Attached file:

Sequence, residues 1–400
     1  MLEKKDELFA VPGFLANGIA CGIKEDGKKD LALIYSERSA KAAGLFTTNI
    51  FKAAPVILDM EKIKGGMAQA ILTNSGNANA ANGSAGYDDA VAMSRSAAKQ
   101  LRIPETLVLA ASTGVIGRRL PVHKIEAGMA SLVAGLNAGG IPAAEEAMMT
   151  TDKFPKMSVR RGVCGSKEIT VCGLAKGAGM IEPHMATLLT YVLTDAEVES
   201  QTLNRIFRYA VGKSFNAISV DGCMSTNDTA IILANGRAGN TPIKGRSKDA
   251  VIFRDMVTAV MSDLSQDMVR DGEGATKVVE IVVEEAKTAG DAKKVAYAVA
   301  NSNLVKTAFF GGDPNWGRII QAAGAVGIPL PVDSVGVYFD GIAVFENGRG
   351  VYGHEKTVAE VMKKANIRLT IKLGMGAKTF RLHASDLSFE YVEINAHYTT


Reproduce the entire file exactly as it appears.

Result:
Sequence, residues 1–400
     1  MLEKKDELFA VPGFLANGIA CGIKEDGKKD LALIYSERSA KAAGLFTTNI
    51  FKAAPVILDM EKIKGGMAQA ILTNSGNANA ANGSAGYDDA VAMSRSAAKQ
   101  LRIPETLVLA ASTGVIGRRL PVHKIEAGMA SLVAGLNAGG IPAAEEAMMT
   151  TDKFPKMSVR RGVCGSKEIT VCGLAKGAGM IEPHMATLLT YVLTDAEVES
   201  QTLNRIFRYA VGKSFNAISV DGCMSTNDTA IILANGRAGN TPIKGRSKDA
   251  VIFRDMVTAV MSDLSQDMVR DGEGATKVVE IVVEEAKTAG DAKKVAYAVA
   301  NSNLVKTAFF GGDPNWGRII QAAGAVGIPL PVDSVGVYFD GIAVFENGRG
   351  VYGHEKTVAE VMKKANIRLT IKLGMGAKTF RLHASDLSFE YVEINAHYTT